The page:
This Report summarizes cases granted review on September 30, 2021 (Part I).
Case Granted Review: Concepcion v. United States, 20-1650
Concepcion v. United States, 20-1650. The question presented is “[w]hether, when deciding if it should ‘impose a reduced sentence’ on an individual under Section 404(b) of the First Step Act of 2018, 21 U.S.C. §841 note, a district court must or may consider intervening legal and factual developments.” For more than three decades, federal drug laws treated one gram of crack-cocaine as the equivalent of 100 grams of powder cocaine for purposes of setting the statutory minimum and maximum sentence. To reduce “unjustified race-based differences” in sentences for crack and powder cocaine offenses, the Fair Sentencing Act of 2010 substantially increased the quantity of crack cocaine needed to trigger the mandatory minimum sentence. The First Step Act of 2018 makes the Fair Sentencing Act’s reforms retroactive. As relevant here, Section 404(b) of the First Step Act allows a person convicted of crack-cocaine offenses and sentenced before August 3, 2010, to receive a reduced sentence “as if” Section 2 of the Fair Sentencing Act were “in effect at the time the covered offense was committed.”
In 2008, petitioner Carlos Concepcion pleaded guilty to a single count of possession with intent to distribute, and distributing, at least five grams of crack cocaine. At sentencing, the district court applied the 2008 edition of the federal Sentencing Guidelines to calculate the sentencing range. The district court made two calculations under the 2008 Guidelines to determine which sentencing range would govern: one based on the drug quantities under U.S.S.G. §2D1.1(c), and the other using the career-offender provisions of U.S.S.G. §4B1.1. The district court treated Concepcion as a “career offender” under U.S.S.G. §4B1.1(a), reasoning that he met the requirements of that section due to prior convictions for controlled-substance offenses and prior convictions for carjacking, robbery, and assault. The district court then sentenced Concepcion to 19 years’—or 228 months’—imprisonment. After the First Step Act became law, Concepcion sought relief under Section 404(b) of the Act. He made three arguments. First, he asserted that Section 2 of the Fair Sentencing Act reduced the statutory maximum sentence applicable to his offense from life to 30 years, reducing his career offender Guidelines range from 262 to 327 months to 188 to 235 months. Second, Concepcion argued that he was no longer a career offender under the 2018 Guidelines. That was because (1) one of the prior drug convictions on which his career-offender status was based had been vacated and a notice of nolle prosequi entered; and (2) his convictions for carjacking, robbery, and assault no longer qualified as “crimes of violence” under the Sentencing Guidelines based on an intervening Supreme Court decision. Third, Concepcion invoked the factors to be considered in imposing a sentence under 18 U.S.C. §3553(a), noting his post-offense rehabilitation. The district court denied relief, adopting the holding of the Fifth Circuit that district courts may not consider any intervening legal developments in a First Step Act resentencing. The district court therefore declined to reduce Concepcion’s sentence based on changes to the Guidelines, the vacatur of one of prior his convictions, or his submission of current facts concerning the Section 3553(a) factors. The First Circuit affirmed. 991 F.3d 279.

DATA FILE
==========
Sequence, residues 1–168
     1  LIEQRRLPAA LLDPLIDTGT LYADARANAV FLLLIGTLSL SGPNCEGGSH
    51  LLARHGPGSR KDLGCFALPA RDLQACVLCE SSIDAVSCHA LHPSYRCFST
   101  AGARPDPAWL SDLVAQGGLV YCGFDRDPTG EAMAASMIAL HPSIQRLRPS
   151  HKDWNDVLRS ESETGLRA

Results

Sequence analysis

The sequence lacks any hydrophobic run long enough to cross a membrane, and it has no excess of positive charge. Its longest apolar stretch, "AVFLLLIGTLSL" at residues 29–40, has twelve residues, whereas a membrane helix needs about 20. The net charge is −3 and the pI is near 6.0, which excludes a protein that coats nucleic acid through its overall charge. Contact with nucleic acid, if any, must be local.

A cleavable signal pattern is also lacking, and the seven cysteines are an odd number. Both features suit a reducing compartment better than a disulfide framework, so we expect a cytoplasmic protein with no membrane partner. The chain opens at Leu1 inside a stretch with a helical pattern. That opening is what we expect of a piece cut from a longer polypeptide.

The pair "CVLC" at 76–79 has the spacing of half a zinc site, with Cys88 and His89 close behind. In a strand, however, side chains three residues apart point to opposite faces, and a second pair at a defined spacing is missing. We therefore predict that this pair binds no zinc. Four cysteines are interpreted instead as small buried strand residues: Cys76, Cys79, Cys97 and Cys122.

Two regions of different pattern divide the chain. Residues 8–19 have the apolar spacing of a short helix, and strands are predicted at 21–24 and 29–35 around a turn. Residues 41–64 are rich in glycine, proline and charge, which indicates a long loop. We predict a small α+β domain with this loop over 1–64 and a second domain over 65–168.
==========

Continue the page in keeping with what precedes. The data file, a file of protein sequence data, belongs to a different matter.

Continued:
The First Circuit held that “[t]he permission granted in section 404(b) is only permission to ‘impose a reduced sentence as if sections 2 and 3 of the Fair Sentencing Act . . . were in effect,’ not to conduct a plenary resentencing.” The court stated that the First Step Act “authorizes the district court to consider the state of the law at the time the defendant committed the offense, and change only one variable: the addition of sections 2 and 3 of the Fair Sentencing Act as part of the legal landscape.” The First Circuit went on to conclude that allowing First Step Act defendants to invoke current law “would put crack cocaine defendants who had committed covered offenses in a more advantageous position than other criminal defendants generally.” Conception’s petition notes that “[f]our circuits require a district court to consider intervening case law, updated sentencing Guidelines, or intervening factual developments when resentencing. Five circuits allow district courts to ignore those issues. And three circuits bar consideration of intervening law or updated Guidelines entirely.”
On the merits, Conception argues that “the First Step Act authorizes district courts to ‘impose a reduced sentence.’ As other federal sentencing statutes make clear, the term ‘impose’ capaciously allows a court to consider any thing relevant to what is an appropriate sentence.” (Citation omitted.) He insists that “[w]hen a district court imposes a reduced sentence under the First Step Act, it must calculate ‘the sentencing range established’ under the Sentencing Guidelines as it exists at the time of the motion’s adjudication. 18 U.S.C. §3553(a)(4), (5).” He also says that “[t]he district court also must consider all §3553(a) factors, including factual ones such as ‘the history and characteristics of the defendant,’ 18 U.S.C. § 3553(a). And, as th[e] Court held in Pepper v. United States, a district court cannot artificially limit itself to a defendant’s past history and circumstances while ignoring more recent developments. 562 U.S. 476, 488-89 (2011).”
[Editor’s note: Some of the language in the background section of the summary above was taken from the petition for writ of certiorari and brief in opposition.]